About an hour later, Linda opened her door and asked her if she wanted her to pick up something for lunch. Brenda, anticipating a delicious dinner, asked for a salad with low fat ranch dressing and a Diet Coke and withdrew a $20 bill from her purse. As she handed it to Linda she smiled and said, "Thank you, Linda. I don't know what I would do without you."

Brenda was eating her salad with one hand and turning pages in a case file with the other when Linda buzzed her again saying that DDA Grainger had asked to meet with her.

"Can you give her an appointment for tomorrow mornin'?"

"She's insisting on meeting with you this afternoon, Chief Johnson."

"Of course she is," Brenda sighed.

Marian Grainger was a plump, gray haired whirlwind who had a reputation for making or breaking the rules whenever she felt Justice would be served. Her knowledge of the law was probably the best in the DA's Office and she never violated it, but her toes were well acquainted with the legally drawn lines.

She was a sixty something career DDA who had always made it clear that her issues were more important than anyone else's. While she almost never lost a case, her success was just as often based on the fact that she evaluated the defendants carefully and was not opposed to striking rather generous deals. She would even withdraw the charges unless she was convinced in her own mind that the suspect was guilty as charged and beyond redemption. But despite her paradoxical soft spot for some defendants, she had the earned reputation of a tough litigator. Other attorneys and even some judges walked a wide circle around her.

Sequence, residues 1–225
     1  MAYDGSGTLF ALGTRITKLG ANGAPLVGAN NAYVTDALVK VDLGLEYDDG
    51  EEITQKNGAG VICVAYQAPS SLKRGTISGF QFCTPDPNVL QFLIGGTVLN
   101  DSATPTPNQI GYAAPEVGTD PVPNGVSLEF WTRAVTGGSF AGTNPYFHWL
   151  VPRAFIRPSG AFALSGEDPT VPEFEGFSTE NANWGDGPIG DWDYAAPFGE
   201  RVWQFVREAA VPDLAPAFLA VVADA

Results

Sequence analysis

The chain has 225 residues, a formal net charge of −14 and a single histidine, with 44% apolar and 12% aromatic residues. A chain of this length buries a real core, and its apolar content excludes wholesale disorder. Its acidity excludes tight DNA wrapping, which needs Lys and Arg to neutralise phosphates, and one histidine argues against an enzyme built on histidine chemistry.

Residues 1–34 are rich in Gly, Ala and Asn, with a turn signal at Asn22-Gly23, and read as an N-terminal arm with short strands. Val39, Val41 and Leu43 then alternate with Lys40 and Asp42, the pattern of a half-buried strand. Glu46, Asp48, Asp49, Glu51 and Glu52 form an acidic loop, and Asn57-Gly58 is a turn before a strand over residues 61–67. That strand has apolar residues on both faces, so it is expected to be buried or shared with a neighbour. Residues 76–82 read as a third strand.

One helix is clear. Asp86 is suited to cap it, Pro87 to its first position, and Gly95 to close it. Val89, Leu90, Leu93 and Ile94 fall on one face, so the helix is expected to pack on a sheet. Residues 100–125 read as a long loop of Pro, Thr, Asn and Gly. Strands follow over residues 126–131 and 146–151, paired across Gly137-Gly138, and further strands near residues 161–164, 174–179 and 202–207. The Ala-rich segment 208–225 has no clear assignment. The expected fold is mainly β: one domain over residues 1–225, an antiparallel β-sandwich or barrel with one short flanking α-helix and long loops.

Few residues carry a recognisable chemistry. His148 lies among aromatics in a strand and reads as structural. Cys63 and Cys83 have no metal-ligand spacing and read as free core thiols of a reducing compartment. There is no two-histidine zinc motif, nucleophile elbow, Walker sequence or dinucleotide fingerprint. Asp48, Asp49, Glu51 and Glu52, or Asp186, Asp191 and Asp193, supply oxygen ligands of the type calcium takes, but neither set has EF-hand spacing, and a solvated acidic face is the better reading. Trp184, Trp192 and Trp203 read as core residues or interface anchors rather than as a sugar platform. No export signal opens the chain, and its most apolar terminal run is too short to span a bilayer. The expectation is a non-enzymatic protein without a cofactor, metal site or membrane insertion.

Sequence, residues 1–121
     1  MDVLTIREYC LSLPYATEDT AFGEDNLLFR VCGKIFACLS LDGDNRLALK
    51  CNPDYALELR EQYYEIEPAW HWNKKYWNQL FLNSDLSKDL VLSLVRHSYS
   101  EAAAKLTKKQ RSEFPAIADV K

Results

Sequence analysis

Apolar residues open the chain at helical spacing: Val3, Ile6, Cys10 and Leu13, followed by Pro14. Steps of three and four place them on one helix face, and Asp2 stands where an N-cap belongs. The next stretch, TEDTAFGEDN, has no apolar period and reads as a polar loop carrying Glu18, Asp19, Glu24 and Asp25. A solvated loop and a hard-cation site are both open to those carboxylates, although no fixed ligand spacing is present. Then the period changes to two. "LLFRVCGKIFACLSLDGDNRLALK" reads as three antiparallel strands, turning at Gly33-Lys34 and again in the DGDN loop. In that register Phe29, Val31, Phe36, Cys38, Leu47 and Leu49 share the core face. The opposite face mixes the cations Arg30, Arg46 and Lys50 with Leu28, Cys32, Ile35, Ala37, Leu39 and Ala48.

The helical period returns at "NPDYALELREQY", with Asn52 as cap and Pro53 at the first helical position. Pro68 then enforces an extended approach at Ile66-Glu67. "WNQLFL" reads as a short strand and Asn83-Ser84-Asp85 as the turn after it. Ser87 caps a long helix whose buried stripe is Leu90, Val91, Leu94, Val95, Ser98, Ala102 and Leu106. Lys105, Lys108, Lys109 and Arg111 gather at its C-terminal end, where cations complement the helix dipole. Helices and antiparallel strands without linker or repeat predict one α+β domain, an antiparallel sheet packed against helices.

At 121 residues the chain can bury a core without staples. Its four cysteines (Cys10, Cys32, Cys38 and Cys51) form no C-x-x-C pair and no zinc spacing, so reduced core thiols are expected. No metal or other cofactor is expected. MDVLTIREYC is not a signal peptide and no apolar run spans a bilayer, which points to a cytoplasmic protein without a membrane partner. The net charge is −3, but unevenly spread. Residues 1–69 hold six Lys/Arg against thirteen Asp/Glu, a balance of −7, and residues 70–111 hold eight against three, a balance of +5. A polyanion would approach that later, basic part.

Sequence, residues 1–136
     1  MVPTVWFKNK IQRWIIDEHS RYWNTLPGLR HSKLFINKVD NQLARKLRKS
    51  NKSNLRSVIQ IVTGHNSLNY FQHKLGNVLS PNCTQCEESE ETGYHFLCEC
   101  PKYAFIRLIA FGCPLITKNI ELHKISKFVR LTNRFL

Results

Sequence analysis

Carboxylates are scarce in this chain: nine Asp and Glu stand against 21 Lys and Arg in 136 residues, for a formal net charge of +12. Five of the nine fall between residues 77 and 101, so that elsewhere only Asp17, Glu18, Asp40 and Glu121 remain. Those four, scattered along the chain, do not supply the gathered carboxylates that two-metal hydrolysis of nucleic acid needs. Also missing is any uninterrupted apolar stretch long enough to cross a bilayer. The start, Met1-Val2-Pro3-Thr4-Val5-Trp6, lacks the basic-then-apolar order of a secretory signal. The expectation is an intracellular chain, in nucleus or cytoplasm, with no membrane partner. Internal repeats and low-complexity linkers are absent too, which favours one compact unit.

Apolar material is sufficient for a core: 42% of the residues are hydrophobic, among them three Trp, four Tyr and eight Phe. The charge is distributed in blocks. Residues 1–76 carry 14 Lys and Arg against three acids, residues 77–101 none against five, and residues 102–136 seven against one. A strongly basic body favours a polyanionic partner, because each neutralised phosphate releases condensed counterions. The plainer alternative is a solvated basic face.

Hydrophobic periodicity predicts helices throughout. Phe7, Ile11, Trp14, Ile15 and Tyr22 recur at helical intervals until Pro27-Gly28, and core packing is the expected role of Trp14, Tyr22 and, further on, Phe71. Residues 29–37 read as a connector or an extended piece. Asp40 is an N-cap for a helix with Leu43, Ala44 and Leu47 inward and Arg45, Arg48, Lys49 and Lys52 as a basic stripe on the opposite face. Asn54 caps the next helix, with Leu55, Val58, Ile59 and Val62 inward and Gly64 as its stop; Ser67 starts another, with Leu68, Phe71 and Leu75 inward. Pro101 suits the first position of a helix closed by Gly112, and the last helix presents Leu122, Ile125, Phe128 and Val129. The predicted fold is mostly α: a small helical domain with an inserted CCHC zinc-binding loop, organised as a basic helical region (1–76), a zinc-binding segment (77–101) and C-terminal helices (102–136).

"Ok. Give her a 3:00 appointment. And if she comes early just have her wait," she said and turned back to her files.

Promptly at 3:00 Linda buzzed Brenda and said that DDA Grainger was there for her appointment so Brenda threw her salad container and her Diet Coke cup into her waste basket and greeted Mrs. Grainger as she entered her office.

"Thank you for seeing me this afternoon, Chief Johnson," Mrs. Grainger said as Brenda invited her to take a seat. "Taking a late lunch at your desk today? I used to do that but now that I'm getting older I find I function better if I skip lunch," she said cheerily.

"You're welcome, Mrs. Grainger. What can I do for you this afternoon?" Brenda asked, deliberately ignoring the small talk. She didn't want to be rude. She just didn't have the time for an extended meeting with anyone.

"The LAPD is investigating a murder case. The victim is a minister's wife who was stabbed 38 times with a butcher knife. They have arrested the couple's only child, their fourteen year old daughter." As she spoke she handed Brenda a series of very gory crime scene photos. While Brenda examined them Mrs. Grainger continued, "The daughter, Emily Solis, made the 911 call and confessed to the murder. And because she confessed to planning the murder in advance, Chief Taylor is pushing me to offer a plea agreement of life without parole."

"And you don't agree?"

"Initially her attorney, Ben Stroud, recommended a plea of insanity. But now he is making an excellent case for a plea of innocence."

"I see. Are you gonna want Investigations to arrange for the appropriate evaluations?"